Keep An Eye On Weight Watchers The Atkins craze has hurt, but UBS analyst Andrew McQuilling sees hefty earnings ahead.
By David Rynecki; Andrew McQuilling

(FORTUNE Magazine) – In the past, two-time FORTUNE All-Star Andrew McQuilling has given our readers well-timed tips on such out-of-favor gems as Procter & Gamble, Gillette, and Estee Lauder (the makeup giant's stock is up 20% since he picked it for us last spring). Now he's bullish on Weight Watchers International (WTW, $38). The weight-loss enterprise, which operates group help classes, has suffered through a year of belt-tightening results due in large part to the expanding popularity of low-carbohydrate alternative diets such as Atkins. We asked McQuilling to add up WTW's points for us.

--David Rynecki

Why is Weight Watchers having such a tough time?

It's Atkins. When Weight Watchers went public in 2001, it had incredible momentum. It looked like the greatest growth stock in the world. Attendance at Weight Watchers meetings in North America was growing 30%. The stock hit $50 in 2002 from an IPO price of $23 a share. It was talked about on Sex and the City. Condoleezza Rice had the whole Bush cabinet doing Weight Watchers. And then Atkins came along. Weight Watchers growth began to dissipate. Attendance started to decline. The company missed earnings expectations in the March, June, and September quarters last year.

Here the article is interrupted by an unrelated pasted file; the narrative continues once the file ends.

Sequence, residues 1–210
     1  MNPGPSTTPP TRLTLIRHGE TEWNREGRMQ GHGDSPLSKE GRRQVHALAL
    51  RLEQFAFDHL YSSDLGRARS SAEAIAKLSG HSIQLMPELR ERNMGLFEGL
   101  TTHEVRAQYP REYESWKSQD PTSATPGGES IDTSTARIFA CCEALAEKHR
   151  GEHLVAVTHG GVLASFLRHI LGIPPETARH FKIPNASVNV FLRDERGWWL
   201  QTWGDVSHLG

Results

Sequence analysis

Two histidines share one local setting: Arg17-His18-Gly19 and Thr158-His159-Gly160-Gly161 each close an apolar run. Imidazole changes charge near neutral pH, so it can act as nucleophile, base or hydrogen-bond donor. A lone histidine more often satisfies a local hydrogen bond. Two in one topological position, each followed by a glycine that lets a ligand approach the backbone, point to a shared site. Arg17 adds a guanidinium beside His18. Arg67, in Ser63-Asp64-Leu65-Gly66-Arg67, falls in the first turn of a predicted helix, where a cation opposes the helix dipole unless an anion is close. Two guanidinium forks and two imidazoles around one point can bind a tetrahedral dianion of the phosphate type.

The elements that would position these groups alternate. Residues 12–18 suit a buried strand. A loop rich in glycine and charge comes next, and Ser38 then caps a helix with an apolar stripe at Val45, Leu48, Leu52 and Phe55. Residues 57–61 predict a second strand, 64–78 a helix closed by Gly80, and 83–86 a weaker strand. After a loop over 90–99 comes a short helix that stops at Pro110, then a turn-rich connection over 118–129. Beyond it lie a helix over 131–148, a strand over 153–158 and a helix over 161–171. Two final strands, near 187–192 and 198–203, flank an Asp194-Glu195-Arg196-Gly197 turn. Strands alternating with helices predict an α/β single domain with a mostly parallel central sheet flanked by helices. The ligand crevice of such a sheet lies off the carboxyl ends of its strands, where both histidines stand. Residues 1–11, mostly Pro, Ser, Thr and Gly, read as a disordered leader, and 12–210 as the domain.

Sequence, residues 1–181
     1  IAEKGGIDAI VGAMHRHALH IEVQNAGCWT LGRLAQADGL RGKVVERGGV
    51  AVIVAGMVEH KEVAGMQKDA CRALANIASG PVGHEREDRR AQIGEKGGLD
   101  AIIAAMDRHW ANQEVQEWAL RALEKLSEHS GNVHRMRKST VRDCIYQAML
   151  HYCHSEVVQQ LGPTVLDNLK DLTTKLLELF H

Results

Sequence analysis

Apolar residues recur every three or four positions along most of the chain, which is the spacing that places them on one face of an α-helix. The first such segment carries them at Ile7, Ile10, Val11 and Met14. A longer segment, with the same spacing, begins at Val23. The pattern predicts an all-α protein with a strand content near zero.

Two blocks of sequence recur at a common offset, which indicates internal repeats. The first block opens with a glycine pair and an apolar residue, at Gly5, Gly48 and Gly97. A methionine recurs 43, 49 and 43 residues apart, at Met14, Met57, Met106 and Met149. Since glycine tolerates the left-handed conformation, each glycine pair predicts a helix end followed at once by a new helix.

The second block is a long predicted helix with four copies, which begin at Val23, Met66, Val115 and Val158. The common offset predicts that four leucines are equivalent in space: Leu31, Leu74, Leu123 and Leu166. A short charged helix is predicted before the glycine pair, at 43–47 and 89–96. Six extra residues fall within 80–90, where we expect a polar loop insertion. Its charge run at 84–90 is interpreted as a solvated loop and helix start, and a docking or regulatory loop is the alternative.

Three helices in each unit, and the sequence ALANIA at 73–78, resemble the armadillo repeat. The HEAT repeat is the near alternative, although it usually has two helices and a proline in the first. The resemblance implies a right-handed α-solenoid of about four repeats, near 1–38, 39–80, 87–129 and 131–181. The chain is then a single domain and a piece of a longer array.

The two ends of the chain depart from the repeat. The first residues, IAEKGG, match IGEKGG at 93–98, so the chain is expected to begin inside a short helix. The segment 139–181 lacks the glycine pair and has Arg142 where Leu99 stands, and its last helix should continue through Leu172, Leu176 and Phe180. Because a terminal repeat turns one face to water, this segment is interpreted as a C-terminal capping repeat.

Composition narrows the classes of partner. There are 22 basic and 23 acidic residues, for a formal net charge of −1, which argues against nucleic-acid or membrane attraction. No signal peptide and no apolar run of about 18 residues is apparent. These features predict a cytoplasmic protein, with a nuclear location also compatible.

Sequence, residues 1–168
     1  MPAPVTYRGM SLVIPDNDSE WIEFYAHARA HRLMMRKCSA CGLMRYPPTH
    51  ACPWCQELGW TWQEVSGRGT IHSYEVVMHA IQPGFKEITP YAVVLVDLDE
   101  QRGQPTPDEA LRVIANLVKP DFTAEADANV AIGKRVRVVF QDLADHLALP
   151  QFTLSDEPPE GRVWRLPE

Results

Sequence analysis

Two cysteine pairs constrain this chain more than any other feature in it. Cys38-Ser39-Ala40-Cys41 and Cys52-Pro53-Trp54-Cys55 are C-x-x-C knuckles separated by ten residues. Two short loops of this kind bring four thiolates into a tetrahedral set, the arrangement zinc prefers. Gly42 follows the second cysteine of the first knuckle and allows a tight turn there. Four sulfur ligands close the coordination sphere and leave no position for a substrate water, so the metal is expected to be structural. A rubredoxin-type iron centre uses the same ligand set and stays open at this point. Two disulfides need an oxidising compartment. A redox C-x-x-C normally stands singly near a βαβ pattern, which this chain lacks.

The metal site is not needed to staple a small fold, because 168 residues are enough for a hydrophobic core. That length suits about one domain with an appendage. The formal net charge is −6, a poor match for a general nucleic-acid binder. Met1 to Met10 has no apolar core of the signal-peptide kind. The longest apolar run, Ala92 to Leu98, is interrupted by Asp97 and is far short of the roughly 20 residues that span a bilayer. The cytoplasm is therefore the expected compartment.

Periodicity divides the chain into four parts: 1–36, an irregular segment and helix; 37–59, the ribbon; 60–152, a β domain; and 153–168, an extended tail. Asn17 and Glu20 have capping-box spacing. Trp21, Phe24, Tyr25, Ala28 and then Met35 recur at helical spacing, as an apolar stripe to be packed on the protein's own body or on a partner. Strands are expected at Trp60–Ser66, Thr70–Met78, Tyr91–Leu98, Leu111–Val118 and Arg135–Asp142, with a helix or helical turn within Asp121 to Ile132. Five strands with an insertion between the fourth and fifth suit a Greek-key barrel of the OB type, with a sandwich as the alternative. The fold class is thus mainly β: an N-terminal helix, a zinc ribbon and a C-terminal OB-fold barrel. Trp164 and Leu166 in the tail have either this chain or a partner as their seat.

Have you tried Atkins?

No, I'm too skinny.

What makes you think Weight Watchers will defeat Atkins?

It won't. Atkins will defeat itself. People go from fad diet to fad diet. I just met with a diet researcher who said that Atkins is now a frenzy. It will burn itself out in the next six months. The packaged-food people and fast-food places will start promoting low-carb bread more, and more people will try it. That will mean the end because they'll be so disgusted, they'll go back to their old habits.

Any signs of that happening?

Atkins hit a peak last August based on the number of low-carb books sold in the U.S. Low-carb diets as a percentage of health-and-wellness book sales went from 30% to 70%. We went from three million people to ten million people on Atkins in a year. That's a parabolic increase.

How does that help Weight Watchers?

There are three things we can always count on: death, taxes, and people's tendency to overeat. Since 1977 sales have compounded at a 13% rate. It's a profitable business that satisfies a growing market, so to speak. Weight Watchers is not a fad. It's the perfect business. It's as if it sells air. The company has a 40% return on invested capital. People pay a fee to join and then pay to attend meetings.

Is the stock a bargain?

Yes. Expectations for profits are low. The market is anticipating low single-digit attendance growth. Any improvement should help the stock. I figure by March or June, Weight Watchers will get the first wave of Atkins refugees. Check out the company's earnings on Feb. 23. That will be the first indication of where the year is headed.